UAE-led Pearl Petroleum consortium in Kurdistan gets $250 mil US loan for gas project

UAE-led Pearl Petroleum consortium in Kurdistan gets $250 mil US loan for gas project
Shafaq News/ Pearl Petroleum Co., the consortium led by UAE's Dana Gas and Crescent Petroleum, has signed a $250 million financing agreement with the US International Development Finance Corp. to help finance a major gas project in Iraq's semi-autonomous Kurdistan region.

The loan will help finance the ramp up of production at Khor Mor gas plant by 50% to 690 MMcf/d, Dana Gas and Crescent Petroleum said in a Sept. 8 statement.

The $630 million project is the first stage of a two-train expansion plan at Khor Mor that targets ramping up total output to about 1 Bcf/d. Work on the first train resumed in April following COVID-19 related delays and the plant is expected to be complete by April 2023.

In April 2007, Dana Gas and Crescent Petroleum entered into an agreement with the Kurdistan Regional Government for exclusive rights to appraise, develop, produce, market and sell petroleum from the Khor Mor and Chemchemal fields in the region. The other shareholders in the Pearl consortium are OMV, MOL and RWE with a 10% stake each.

Dana Gas is still in talks with Iraq's federal government and other potential buyers for a gas sales agreement for its second train, CEO Patrick Allman-Ward said May 9, as Baghdad seeks to lower reliance on Iranian energy imports.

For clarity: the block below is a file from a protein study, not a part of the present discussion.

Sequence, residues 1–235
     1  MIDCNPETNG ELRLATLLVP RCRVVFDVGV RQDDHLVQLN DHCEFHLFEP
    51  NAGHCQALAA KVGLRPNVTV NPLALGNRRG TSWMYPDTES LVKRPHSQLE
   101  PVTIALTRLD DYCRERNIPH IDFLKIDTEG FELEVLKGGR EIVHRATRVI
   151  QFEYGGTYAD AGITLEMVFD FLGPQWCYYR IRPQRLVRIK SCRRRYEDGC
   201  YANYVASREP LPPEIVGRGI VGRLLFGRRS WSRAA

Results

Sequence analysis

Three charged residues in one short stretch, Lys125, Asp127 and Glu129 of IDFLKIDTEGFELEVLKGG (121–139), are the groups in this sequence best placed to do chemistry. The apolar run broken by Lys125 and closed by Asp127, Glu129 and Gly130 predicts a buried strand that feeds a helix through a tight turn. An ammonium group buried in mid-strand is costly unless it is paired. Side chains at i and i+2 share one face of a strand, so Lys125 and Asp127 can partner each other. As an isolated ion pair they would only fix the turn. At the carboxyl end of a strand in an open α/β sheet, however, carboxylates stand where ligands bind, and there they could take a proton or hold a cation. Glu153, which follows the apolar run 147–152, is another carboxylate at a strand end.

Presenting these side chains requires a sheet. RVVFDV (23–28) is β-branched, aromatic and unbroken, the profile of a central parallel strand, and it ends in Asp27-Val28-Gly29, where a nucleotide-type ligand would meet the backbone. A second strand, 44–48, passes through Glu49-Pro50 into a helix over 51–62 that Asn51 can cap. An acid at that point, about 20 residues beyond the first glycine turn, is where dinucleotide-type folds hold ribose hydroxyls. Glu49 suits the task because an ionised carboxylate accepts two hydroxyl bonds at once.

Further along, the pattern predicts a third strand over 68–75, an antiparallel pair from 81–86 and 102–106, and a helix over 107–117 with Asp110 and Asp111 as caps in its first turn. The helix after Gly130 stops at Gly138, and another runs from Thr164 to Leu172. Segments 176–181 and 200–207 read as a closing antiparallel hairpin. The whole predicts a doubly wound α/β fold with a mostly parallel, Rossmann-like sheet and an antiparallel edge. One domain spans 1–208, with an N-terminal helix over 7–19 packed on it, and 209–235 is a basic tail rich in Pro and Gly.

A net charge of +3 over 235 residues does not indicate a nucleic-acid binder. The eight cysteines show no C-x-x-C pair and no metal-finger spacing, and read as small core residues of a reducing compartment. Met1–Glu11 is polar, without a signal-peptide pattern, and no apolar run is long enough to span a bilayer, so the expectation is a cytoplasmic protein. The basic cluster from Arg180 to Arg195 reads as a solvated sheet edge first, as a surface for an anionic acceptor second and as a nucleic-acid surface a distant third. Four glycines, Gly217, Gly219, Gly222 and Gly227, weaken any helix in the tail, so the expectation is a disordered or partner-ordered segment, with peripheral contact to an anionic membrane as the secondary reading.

Dana Gas is in talks with other parties, including Turkish and Kurdish buyers, for a gas sales agreement for the second phase of the expansion, which amounts to 250 MMcf/d, Allman-Ward said at the time. He first mentioned the talks in February.

Two phases

The Khor Mor project includes two phases of 250 MMcf/d that will more than double the asset's production to around 940 MMcf/d of gas from around 440 MMcf/d now, the CEO said at the time.

Federal Iraq imports gas and electricity from neighboring Iran because most of its gas is pumped with oil, which is subject to OPEC+ output restrictions. The federal government's associated gas is also mostly burned, making Iraq the world's second worst gas flaring country after Russia in 2020, according to the World Bank.

Since 2018, Iraq has been receiving waivers from the US government to continue importing Iranian gas and electricity because Tehran's energy sector is under sanctions reimposed by the administration of former President Donald Trump that year.

However, the US is cranking up the pressure on Baghdad to wean itself off Iranian energy imports, which help Iraq avert power shortages that have led to deadly protests in the past. Iran has reduced its gas exports to Iraq, claiming Baghdad failed to pay bills, estimated in the billions of dollars.

Source: spglobal

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